This post originally appeared on the European Microfinance Platform’s (e-MFP) blog.

How should financial institutions approach consumer protection differently when they offer services through smartphones rather than humans?

This was the question we posed when the Smart Campaign team first started revising the standards to be applied to digital financial services, especially digital credit. We’re very pleased to have launched the new Digital Credit Standards, their accompanying guidance document, and the forthcoming companion Handbook on Consumer Protection for Financial Inclusion (summary here). What we didn’t expect, however, was quite how profound the differences would turn out to be. We made significant changes to the standards for all seven Client Protection Principles (the principles themselves remain the same). I want to focus here on the most fundamental: Appropriate Product and Delivery Design.

When financial service providers (FSPs) consider tackling client protection, their first thought is often, “We need a code of conduct!” That reflexive response shows that FSPs traditionally view protecting clients mainly through the lens of setting and enforcing boundaries on staff behavior. And traditionally, that made sense. After all, ground zero for protecting clients occurs in the moments when they come face to face with staff. That’s when the client receives product information that is transparent (or not) and is treated (or not) with fairness and dignity. The practice of client protection has centered on defining codes of conduct, incentivizing and training staff to follow them, monitoring their adherence, and applying sanctions to breaches.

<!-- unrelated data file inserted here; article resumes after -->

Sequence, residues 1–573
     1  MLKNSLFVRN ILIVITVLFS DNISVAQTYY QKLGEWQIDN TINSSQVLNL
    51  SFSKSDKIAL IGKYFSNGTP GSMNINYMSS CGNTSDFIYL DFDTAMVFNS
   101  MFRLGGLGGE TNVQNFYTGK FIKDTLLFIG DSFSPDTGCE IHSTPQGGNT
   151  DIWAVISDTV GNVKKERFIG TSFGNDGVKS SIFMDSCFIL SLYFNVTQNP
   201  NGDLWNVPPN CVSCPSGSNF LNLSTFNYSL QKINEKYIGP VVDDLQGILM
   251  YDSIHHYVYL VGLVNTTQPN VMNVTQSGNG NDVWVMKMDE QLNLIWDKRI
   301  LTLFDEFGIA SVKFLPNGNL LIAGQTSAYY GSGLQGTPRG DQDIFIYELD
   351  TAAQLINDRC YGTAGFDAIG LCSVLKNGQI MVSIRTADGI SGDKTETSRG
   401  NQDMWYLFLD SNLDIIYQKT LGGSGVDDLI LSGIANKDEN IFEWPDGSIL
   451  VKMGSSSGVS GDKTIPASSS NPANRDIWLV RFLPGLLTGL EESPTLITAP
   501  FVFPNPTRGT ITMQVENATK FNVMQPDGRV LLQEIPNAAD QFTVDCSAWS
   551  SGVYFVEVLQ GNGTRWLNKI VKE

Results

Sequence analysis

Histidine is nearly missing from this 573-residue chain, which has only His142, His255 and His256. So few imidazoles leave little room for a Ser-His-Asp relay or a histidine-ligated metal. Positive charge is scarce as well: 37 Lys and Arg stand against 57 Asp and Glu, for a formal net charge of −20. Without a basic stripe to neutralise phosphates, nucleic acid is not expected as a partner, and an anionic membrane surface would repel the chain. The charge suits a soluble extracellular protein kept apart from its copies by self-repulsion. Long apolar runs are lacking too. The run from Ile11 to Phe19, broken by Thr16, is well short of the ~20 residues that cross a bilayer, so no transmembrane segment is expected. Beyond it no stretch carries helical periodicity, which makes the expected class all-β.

When face-to-face interaction disappears, what happens to consumer protection?

When staff aren’t present, however, the client experience changes. On the one hand, the problem of rogue or substandard staff behavior disappears, which is good for clients. But so does the helpful staff person who can answer a client’s questions and guide the client to the right product. With digital services, everything the client experiences is pre-programmed and embedded into the user interface upfront, before a single client has clicked on a single screen. Everything is determined in advance, through coding and algorithms, and the sequences roll along without individual human intervention.